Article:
In an exemplary SLM, in order to modulate the phase of incident light, a nematic liquid crystal SLM is aligned in a planar conformation. Here the liquid crystal director (i.e. long axis of the molecules) is oriented parallel to the polarization of the incident light. Upon application of a voltage, the molecules tilt in a direction parallel with the direction of propagation of the optical field. This causes the incident light to encounter a reduced refractive index. The change in refractive index translates directly to a change in the optical path, and consequently a phase shift for the incident light. If enough voltage is applied, the variation in refractive index ranges from the extraordinary index (for no applied voltage) to the ordinary index (maximum tilt of the molecules). A typical change in the refractive index for maximum applied voltage is 0.2. In the preferred embodiment the SLM 12 uses very large scale integration (VLSI) to address an array of liquid crystal modulators. The VLSI addressing allows for multiplexing to achieve individually addressable pixels across the entire optical aperture. This flexibility results in a randomly addressable phase mask that acts as an optical phased array with the potential for phase correction. The SLM optical head itself consists of a layer of liquid crystal sandwiched between a cover glass and a VLSI backplane.
The beamlets 13 a-c then enter an interferometer 14, shown in detail in FIG. 2, where they are split by a beam splitter 20 into sensing beamlets 15 a-c and reference beamlets 16 a-c. The beam splitter 20 may create a lateral shift of the beam but no angular deviation.
The sensing beamlets 15 a-c leave the interferometer and are reflected by a fixed mirror 16 onto a tracking mirror 17 (shown in FIG. 1 but omitted from FIG. 2) that steers the beamlets during XY scanning so that they remain optimally positioned on the cantilevers. The tracking mirror 17 comprises a scanning mirror which reflects the beamlets 15 a-c at an angle which varies synchronously with the x,y scanner 2. Alternatively the tracking mirror 17 may be omitted and this steering function undertaken by the SLM 12, depending on the speed requirements. The sensing beamlets 15 a-c, having been steered by the tracking mirror 17 or SLM 12, are then focused by an objective lens 18 onto the ends of the cantilevers where they are reflected back towards the objective lens 18. The lens 18 collects and collimates the reflected beamlets 19 a-c and projects them back into the interferometer 14, where they are split into two components 30 a-c and 31 a-c by a phase shifting beamsplitter 21 and incident on photodiodes 22,23. The reference beamlets 16 a-c are each split by the phase shifting beamsplitter 21 into two components 32 a-c and 33 a-c and incident on the photodiodes 22,23 where they are interfered with their associated reference beamlets 30 a-c and 31 a-c. The coating of the phase shifting beam splitter generates a phase quadrature relationship between the pair of interferogram beams produced by the overlapping reference beamlets 32 a-c, 33 a-c and associated reference beamlets 30 a-c, 31 a-c.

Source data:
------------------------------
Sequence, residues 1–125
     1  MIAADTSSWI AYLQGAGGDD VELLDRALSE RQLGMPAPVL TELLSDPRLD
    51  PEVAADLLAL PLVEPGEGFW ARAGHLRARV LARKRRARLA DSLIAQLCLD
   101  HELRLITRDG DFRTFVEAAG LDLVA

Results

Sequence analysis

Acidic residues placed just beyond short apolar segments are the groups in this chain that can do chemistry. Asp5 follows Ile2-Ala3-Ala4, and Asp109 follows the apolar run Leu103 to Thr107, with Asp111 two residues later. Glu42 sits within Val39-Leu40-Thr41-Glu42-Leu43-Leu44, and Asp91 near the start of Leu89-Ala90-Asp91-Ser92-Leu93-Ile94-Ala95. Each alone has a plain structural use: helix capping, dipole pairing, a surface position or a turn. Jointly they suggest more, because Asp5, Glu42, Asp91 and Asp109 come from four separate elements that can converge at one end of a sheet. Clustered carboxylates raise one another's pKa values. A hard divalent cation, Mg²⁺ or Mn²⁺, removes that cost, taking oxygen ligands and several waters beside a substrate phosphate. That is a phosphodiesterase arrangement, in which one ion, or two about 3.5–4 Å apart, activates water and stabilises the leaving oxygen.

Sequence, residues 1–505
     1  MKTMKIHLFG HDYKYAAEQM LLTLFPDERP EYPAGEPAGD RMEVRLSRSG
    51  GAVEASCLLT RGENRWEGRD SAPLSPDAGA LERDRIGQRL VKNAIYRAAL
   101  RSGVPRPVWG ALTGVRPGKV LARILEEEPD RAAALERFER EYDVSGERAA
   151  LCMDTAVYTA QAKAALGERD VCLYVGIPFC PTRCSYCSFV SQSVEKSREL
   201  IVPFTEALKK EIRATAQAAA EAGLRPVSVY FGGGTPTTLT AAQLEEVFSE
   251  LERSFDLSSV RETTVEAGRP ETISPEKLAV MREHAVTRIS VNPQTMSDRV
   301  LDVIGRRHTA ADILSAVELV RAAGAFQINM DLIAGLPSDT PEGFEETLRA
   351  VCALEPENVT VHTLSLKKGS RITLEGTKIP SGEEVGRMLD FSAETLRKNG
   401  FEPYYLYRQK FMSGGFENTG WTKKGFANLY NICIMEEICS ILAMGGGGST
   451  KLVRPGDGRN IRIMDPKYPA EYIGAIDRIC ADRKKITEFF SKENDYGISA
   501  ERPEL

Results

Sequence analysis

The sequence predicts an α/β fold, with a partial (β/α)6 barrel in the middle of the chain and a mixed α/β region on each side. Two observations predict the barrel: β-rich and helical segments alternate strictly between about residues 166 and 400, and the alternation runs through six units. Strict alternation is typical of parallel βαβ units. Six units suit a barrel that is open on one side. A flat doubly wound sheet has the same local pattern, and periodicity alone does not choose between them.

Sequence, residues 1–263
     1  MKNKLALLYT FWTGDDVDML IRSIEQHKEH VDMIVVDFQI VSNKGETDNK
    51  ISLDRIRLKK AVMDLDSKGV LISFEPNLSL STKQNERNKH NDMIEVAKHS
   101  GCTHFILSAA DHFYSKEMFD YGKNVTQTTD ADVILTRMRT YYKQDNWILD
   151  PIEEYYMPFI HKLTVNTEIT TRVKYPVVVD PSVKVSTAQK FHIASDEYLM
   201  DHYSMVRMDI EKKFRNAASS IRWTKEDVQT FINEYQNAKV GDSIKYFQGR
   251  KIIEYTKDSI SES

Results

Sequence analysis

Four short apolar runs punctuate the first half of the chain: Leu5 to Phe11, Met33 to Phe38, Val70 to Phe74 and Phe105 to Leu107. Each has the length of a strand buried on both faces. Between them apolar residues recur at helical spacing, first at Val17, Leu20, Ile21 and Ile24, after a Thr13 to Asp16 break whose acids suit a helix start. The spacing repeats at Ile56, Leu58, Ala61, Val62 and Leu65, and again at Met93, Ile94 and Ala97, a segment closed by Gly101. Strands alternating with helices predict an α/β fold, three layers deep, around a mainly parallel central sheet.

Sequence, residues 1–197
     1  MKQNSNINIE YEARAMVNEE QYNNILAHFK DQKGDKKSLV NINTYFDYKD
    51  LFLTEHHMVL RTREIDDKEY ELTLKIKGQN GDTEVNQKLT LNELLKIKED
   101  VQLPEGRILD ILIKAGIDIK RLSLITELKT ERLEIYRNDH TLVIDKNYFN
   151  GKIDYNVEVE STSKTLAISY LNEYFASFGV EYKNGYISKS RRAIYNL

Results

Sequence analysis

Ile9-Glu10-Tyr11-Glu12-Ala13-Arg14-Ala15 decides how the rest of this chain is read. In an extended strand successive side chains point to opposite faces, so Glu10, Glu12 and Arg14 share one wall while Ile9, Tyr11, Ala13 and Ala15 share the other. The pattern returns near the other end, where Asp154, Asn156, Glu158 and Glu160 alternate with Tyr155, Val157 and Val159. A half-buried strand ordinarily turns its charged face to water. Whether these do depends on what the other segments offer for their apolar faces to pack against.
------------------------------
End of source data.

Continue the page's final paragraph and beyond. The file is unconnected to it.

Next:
Although the lens 18 is illustrated as a single lens element, it will be understood that it may comprise an assembly of multiple lens elements.
After signal processing the signals are sent from the interferometer 14 to the SPM controller 3 which is adapted for parallel operation, each data channel representing the position of a point on a cantilever within the array with respect to a reference point.
The reference beamlets 16 a-c are directed towards a suitably positioned retro-reflector 24, and thereafter to the beam splitter 21, where the reference beamlets are split and recombined with the two sensing beamlet components to create first and second interferograms with a relative phase shift of 90 degrees. The interferograms are detected respectively by the first and second photodiodes 22,23. Interferometric methods of extracting the path difference between two coherent beams in such a homodyne interferometer are well known in the art and so will not be described here.